This from supposedly helping kids from The Second Mile organization, many from single-parent homes and in need of another adult in their lives.

When you're broken, all you want is to believe you can be safe.

Sure, the charges are alleged until proven, but we've seen similar stories over the years, all involving men and women in positions of power and beloved trust, sometimes even in the name of God, supposedly helping the broken young ones (and those who aren't even broken, yet), but then abusing that power while abusing the children.

A report of child abuse is made every ten seconds. And that's only what's reported. Statistically speaking, child abuse occurs at every socioeconomic level, across ethnic and cultural lines, within all religions and at all levels of education.

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Tragic. It hurts my heart when I hear these things. I've been there and we'll do whatever it takes to protect our girls.

The Mama's been teaching Beatrice what's appropriate and what's not with other older kids and adults -- language, touching, etc.

And then just last week, we thought Bea might have a urinary tract infection and the Mama took her our doctor. Of course the doctor had to check out her private parts, and Bea was very quiet, watching Mama the whole time.

The eye-lock trust reassured Beatrice that this was appropriate and the doctor was only seeing if she sick.

So there you go, girl:

"What do you do if someone is doing something to you they shouldn't be?"


Or Mama and Daddy will mop the floor with you and other colorful expressions you'd rather not experience first hand.

Nobody messes with the B-hive, baby. Nobody.


Sunday, November 6, 2011

The guy in the clock tower


It's like random sniper fire from a clock tower. At least, that's how it feels.

The rapid-fire bullets hit me all over: the news of my dad, my mother's health, the fear of what we do wrong, global financial uncertainty, political extremism, civil unrest and incivility, domestic violence, the sudden weather change, unexpected business, unexpected bills, family colds, family cries, Daylight Savings time, choices and lack thereof --

As I lay there bleeding out hope (metaphorically mind you), I drift in and out about what to do, what to do, what to do. It's only matter of moments, an imaginary one-hour shift, but time is relative when you're riddled with emotional holes clean through.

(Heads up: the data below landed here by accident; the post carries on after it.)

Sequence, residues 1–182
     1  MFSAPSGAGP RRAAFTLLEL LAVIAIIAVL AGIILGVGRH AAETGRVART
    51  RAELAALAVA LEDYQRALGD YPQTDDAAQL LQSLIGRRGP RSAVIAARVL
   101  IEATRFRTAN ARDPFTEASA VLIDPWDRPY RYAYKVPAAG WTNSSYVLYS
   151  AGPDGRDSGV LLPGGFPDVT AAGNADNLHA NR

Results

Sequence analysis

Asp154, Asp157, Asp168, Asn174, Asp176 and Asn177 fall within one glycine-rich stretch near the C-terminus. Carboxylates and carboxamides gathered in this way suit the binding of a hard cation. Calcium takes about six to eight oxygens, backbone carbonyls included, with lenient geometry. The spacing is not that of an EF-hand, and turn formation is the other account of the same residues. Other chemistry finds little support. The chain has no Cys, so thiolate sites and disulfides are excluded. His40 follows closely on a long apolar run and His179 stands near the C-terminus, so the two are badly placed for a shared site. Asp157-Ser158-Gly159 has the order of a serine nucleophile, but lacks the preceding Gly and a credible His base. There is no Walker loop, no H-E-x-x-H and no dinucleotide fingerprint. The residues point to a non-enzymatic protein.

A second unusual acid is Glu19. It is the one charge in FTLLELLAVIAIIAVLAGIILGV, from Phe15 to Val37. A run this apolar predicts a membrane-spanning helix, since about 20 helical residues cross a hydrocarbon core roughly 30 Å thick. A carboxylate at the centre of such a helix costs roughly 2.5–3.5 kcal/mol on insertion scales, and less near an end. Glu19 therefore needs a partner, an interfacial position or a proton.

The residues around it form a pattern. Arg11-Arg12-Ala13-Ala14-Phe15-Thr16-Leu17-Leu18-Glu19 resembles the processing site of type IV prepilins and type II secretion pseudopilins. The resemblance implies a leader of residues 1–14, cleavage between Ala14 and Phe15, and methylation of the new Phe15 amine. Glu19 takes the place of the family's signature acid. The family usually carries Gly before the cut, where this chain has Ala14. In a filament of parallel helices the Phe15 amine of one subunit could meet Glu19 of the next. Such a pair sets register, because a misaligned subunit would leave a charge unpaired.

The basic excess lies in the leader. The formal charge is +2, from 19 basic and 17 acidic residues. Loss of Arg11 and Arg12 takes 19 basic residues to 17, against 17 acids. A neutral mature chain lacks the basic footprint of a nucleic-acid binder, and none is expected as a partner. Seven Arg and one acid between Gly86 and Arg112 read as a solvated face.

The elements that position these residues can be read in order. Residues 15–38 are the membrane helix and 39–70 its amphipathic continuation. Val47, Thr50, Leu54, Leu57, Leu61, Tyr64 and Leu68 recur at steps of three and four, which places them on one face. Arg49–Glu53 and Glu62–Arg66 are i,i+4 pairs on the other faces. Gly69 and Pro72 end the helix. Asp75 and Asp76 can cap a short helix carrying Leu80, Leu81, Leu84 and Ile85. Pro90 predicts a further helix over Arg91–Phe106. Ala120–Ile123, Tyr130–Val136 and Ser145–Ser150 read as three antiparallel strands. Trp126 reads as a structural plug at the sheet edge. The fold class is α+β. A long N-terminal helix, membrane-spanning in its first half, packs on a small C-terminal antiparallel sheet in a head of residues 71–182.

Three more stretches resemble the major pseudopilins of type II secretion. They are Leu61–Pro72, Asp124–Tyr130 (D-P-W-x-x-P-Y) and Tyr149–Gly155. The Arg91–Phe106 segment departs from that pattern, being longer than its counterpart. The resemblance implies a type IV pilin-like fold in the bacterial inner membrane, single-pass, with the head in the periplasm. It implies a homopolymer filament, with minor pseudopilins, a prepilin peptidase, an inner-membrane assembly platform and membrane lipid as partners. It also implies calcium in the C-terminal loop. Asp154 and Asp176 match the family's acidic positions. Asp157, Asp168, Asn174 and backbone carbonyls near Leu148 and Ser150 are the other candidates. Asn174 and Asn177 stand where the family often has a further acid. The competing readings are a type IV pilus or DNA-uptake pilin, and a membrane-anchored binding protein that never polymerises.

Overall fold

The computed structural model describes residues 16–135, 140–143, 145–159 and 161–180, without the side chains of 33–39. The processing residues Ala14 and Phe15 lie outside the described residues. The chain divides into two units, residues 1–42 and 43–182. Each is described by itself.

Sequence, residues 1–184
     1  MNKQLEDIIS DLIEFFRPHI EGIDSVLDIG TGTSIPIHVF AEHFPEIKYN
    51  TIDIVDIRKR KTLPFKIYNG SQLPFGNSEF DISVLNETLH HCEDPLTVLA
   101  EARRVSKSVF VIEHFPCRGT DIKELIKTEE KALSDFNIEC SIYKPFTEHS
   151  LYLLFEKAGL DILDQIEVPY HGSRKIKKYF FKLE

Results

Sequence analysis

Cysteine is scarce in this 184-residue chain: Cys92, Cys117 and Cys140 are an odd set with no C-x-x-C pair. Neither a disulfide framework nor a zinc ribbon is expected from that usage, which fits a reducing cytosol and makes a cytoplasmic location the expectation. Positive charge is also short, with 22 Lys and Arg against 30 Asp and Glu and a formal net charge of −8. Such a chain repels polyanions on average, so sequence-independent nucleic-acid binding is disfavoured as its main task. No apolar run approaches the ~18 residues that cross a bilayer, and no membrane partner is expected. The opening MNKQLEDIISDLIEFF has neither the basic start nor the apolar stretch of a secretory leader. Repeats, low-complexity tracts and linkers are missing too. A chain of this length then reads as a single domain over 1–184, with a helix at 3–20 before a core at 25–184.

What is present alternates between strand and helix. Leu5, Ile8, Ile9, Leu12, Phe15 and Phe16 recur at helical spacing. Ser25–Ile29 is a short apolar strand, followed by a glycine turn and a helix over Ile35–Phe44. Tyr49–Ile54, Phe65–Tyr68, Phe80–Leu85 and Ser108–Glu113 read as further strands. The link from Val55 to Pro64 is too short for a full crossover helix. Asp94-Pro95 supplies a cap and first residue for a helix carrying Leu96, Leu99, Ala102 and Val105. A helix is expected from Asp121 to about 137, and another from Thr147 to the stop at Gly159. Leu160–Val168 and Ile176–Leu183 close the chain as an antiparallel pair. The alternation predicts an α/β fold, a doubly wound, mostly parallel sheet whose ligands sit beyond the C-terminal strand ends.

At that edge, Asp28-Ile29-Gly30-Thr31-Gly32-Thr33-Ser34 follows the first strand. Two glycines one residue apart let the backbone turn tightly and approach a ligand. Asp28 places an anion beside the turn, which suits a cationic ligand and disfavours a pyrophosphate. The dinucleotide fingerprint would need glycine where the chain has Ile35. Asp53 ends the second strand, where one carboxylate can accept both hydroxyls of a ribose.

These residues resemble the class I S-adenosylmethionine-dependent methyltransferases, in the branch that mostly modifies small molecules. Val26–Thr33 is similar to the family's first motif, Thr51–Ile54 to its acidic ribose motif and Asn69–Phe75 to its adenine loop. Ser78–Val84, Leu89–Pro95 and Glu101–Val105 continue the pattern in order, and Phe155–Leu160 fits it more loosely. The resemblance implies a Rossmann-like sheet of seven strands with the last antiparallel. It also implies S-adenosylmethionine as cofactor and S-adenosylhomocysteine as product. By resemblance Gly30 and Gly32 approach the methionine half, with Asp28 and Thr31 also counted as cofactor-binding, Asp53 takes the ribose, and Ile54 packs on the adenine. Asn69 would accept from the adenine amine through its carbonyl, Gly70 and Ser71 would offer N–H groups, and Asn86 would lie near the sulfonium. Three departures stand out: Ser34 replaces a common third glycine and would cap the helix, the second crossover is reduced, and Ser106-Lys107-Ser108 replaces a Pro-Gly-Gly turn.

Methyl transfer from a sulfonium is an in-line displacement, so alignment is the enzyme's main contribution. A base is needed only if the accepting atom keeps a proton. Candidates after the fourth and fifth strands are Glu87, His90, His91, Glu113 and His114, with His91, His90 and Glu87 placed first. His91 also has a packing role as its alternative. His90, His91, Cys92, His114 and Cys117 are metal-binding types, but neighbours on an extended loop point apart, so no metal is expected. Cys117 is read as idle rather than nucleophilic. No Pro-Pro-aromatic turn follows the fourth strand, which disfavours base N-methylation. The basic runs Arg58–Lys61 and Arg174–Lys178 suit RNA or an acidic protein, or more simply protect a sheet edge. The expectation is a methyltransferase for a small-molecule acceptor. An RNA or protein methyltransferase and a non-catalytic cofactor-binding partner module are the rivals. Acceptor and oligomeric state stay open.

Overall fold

My pulse slows and I close my eyes.





I say a prayer for us all. Tiny hands push on my chest.

"Daddy sleeping!"

I hear giggles and snickers. A snotty hot nose sideswipes my cheek. More tiny hands on my chest, then giggles.

[clear - zap]




I open my eyes. Smiling B-hive angels lay hands on me. Mama angel bends down and kisses me.

"I love you," she says.

I pull her closer and whisper in her ear:

"I'm taking out the guy in the clock tower."


Friday, November 4, 2011

Displaced and mad as hell

Once it spreads to other parts of the body beyond the skin, it is difficult to treat.

Without even knowing his complete diagnosis yet, I can't get the "once it spreads -- it's difficult to treat" out of my head.

My father has melanoma, a very serious kind of cancer, and it's metastasized into his lymphatic system. How far beyond that we don't know yet. But he's mad as hell and he's beat the devil more than once (so's my mom for that matter).

Metastasis means "displacement" in Greek and that's how he feels, to be moved out of the proper place. When you're sick, there's a palatable disconnect from the rhythm of everyday life.

About 160,000 people are diagnosed each year with melanoma, more frequently in women than men.
How many of those become displaced from family, friends, co-workers and communities? Conversely as well?

Beyond displacement, nearly 50,000 people tragically die from melanoma every year, leaving hole-ridden hearts behind.

Sure it's all in the caring now, but this morning as Oakland and the rest of the world burns, I'm displaced and mad as hell.

All I want to do is dig a shallow grave in the backyard for all the world ills and my father's cancer and bury them.

Sunday, October 30, 2011